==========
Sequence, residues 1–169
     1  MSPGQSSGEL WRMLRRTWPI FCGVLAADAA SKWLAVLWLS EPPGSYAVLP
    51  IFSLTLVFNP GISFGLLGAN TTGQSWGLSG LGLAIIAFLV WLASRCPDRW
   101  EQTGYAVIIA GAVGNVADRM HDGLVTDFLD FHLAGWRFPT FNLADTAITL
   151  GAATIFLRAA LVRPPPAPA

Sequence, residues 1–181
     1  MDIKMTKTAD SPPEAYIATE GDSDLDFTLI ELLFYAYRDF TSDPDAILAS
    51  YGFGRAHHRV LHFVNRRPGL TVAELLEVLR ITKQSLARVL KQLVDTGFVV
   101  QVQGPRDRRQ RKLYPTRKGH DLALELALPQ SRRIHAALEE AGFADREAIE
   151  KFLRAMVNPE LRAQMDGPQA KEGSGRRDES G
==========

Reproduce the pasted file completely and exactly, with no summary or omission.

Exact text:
Sequence, residues 1–169
     1  MSPGQSSGEL WRMLRRTWPI FCGVLAADAA SKWLAVLWLS EPPGSYAVLP
    51  IFSLTLVFNP GISFGLLGAN TTGQSWGLSG LGLAIIAFLV WLASRCPDRW
   101  EQTGYAVIIA GAVGNVADRM HDGLVTDFLD FHLAGWRFPT FNLADTAITL
   151  GAATIFLRAA LVRPPPAPA

Sequence, residues 1–181
     1  MDIKMTKTAD SPPEAYIATE GDSDLDFTLI ELLFYAYRDF TSDPDAILAS
    51  YGFGRAHHRV LHFVNRRPGL TVAELLEVLR ITKQSLARVL KQLVDTGFVV
   101  QVQGPRDRRQ RKLYPTRKGH DLALELALPQ SRRIHAALEE AGFADREAIE
   151  KFLRAMVNPE LRAQMDGPQA KEGSGRRDES G